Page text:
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Open call to member states to increase funding to UN peacekeeping missions

The International United Nations Watch (IUNW) calls on UN member states to honor their peacekeeping commitments by paying off existing arrears and increasing overall funding for peacekeeping missions.

Open call to member states to increase funding to UN peacekeeping missions

The International United Nations Watch (IUNW) calls on UN member states to honor their peacekeeping commitments by paying off existing arrears and increasing overall funding for peacekeeping missions. Just as UN Secretary-General Guterres warned earlier this month that the organisation currently struggles to pay staff salaries, so too UN peacekeeping activities face a similar funding crisis.  

Peacekeeping missions are funded separately from the UN’s central budget. Currently, 100,950 peacekeepers serve around the world on 20 different peacekeeping missions. While UN peacekeepers attempt to ensure peace in a quarter of the world’s conflicts today, the UN Department of Peacekeeping Operations (DPKO) accounts for 0.5% of global military spending. Furthermore, funding for peacekeeping has been severely reduced in recent years with the 2019-2020 budget presenting an average 1.9% reduction of the approved budget of 2018-2019. Additionally, UN Member States currently in arrears owe nearly $2 billion in peacekeeping dues.

India’s Ambassador to the U.N. Syed Akbaruddin has stated that the $2 billion shortfall is  “unsustainable,” noting  that  some  troop-contributing countries  “are owed amounts equivalent to their annual assessed contributions for 100 years --  some even more.”  Of the almost $2 billion owed for peacekeeping operations, the United States is responsible for a third.   Of current funding for   peacekeeping, 27.89% comes from the U.S. assessment, marginally less than the 28+% in 2018. The assessment issue has been a political bone of contention in ongoing negotiations between the U.S. and the UN.  Differences within U.S. government circles have led to disputes about how much the US should be assessed. Some contend that the country’s peacekeeping contributions should be capped at no more than 25%. Last year, Cherith Norman Chalet, the U.S. envoy to the U.N. Management and Reform and Alternative Representative to the General Assembly,  warned that lack of agreement on a 25% ceiling would leave the UN still facing “a 3%  shortfall in its peacekeeping budget.” International United Nations Watch believes this situation makes it incumbent on the U.N. diversify its funding base and that it should call on its Member States to increase funding for UN peacekeeping missions.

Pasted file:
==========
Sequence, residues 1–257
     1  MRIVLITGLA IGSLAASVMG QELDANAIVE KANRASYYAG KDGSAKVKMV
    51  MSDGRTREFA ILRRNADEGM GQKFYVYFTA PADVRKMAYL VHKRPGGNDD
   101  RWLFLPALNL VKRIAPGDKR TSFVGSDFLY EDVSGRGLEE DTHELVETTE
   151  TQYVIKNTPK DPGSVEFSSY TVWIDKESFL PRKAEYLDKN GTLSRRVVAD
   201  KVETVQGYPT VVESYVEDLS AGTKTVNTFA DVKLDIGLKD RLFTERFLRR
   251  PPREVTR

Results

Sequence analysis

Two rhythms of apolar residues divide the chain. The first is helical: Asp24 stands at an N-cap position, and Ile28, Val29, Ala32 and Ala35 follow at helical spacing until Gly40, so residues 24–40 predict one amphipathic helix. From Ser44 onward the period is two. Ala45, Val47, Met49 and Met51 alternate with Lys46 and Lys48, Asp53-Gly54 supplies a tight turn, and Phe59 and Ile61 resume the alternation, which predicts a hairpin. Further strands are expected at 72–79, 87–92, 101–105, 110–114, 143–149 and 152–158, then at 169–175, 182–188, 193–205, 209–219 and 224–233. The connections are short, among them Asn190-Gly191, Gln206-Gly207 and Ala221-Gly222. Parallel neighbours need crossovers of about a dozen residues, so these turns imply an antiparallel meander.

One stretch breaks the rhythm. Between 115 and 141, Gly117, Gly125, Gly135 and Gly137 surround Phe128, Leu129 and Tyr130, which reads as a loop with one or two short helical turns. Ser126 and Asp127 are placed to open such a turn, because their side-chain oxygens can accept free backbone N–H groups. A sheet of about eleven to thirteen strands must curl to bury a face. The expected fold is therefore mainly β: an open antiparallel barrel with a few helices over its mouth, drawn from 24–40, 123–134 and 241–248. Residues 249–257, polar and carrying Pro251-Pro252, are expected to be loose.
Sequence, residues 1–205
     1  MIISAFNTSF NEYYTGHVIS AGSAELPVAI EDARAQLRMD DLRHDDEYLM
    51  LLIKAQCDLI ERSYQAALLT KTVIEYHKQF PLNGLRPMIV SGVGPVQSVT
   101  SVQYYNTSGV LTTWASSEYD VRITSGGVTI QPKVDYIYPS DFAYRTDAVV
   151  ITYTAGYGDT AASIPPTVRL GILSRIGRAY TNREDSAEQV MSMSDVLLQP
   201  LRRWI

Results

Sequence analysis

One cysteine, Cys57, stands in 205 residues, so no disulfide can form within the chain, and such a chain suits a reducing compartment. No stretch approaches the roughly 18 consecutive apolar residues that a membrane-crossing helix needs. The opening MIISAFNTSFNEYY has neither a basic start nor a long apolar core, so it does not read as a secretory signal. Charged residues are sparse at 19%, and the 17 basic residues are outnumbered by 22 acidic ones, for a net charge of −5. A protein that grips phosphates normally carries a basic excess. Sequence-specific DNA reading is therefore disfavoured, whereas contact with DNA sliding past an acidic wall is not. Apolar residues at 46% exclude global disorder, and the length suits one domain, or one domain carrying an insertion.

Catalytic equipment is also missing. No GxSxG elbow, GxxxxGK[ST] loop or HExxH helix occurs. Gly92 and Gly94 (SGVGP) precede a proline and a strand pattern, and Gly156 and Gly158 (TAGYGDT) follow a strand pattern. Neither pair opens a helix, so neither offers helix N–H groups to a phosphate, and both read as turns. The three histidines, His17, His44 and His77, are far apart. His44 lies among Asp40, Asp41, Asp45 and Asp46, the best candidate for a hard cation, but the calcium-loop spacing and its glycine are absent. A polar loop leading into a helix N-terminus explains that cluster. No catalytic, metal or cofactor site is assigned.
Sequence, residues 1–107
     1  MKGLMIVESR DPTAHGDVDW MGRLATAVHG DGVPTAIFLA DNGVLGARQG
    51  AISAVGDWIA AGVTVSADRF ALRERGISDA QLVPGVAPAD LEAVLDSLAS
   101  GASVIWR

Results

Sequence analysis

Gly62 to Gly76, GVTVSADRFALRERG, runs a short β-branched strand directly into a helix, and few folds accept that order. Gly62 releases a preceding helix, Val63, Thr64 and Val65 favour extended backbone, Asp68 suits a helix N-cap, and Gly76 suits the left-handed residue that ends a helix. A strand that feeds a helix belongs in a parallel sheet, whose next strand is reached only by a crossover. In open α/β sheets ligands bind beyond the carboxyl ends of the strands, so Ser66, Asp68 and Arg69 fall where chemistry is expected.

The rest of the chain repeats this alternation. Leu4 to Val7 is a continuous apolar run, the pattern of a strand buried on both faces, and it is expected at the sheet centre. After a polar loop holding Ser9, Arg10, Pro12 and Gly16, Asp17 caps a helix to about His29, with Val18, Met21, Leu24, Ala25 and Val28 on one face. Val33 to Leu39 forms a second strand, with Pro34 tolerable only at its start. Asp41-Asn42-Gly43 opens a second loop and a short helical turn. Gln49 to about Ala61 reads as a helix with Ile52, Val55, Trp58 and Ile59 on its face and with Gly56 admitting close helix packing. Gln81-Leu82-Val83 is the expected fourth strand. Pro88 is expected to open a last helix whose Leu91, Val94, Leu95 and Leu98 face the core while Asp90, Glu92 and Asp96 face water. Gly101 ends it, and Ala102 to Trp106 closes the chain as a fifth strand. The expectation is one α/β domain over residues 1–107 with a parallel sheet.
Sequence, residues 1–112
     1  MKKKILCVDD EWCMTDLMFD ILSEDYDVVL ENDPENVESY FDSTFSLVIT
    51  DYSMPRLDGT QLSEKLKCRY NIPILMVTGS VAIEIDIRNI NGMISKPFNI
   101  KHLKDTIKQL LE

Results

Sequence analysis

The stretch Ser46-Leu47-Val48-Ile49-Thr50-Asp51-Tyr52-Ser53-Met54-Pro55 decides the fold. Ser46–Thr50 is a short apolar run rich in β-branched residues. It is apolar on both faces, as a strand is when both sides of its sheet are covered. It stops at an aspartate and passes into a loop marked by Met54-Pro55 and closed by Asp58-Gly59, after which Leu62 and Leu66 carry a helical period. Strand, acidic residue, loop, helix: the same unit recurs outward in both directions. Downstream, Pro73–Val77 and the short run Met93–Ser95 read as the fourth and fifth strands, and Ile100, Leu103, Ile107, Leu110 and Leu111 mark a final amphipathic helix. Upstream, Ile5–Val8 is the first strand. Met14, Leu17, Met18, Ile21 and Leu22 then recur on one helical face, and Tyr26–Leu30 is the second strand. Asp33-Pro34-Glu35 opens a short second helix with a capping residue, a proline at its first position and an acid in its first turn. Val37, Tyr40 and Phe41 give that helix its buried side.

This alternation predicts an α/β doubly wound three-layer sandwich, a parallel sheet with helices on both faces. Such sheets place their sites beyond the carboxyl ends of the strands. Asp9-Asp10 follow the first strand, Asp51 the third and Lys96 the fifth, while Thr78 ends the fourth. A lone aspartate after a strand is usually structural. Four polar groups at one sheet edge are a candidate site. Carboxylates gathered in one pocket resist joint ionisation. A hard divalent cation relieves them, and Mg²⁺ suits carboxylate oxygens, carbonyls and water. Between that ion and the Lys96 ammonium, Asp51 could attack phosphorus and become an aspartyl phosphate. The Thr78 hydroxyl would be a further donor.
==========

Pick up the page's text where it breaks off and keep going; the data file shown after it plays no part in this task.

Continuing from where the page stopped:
UN peacekeepers are made available on a voluntary basis by troop-contributing countries among Member States, most notably Ethiopia, India, Bangladesh, Nepal and Rwanda. Troops are paid by their governments in accordance with their national salary scales, and the governments are reimbursed by the UN. As of 2018, the average peacekeeper was $1,428 per month.  Notwithstanding a rigorous UN Code of Conduct for peacekeepers including a zero-tolerance policy with regard to inappropriate sexual behaviour peacekeeper discipline and conduct has come under widespread criticism over the years with accusations of sexual and other abusive and ill-disciplined behaviour.  Below standard training levels, lack of familiarity with local conditions, culture, customs and poor language skills are a recurring problem in peacekeeping missions. Adding to the complexity of peacekeeping missions is the fact that individual peacekeeping contingents are guided not only by the specific U.N. mandate they serve under but also by their own chain of command.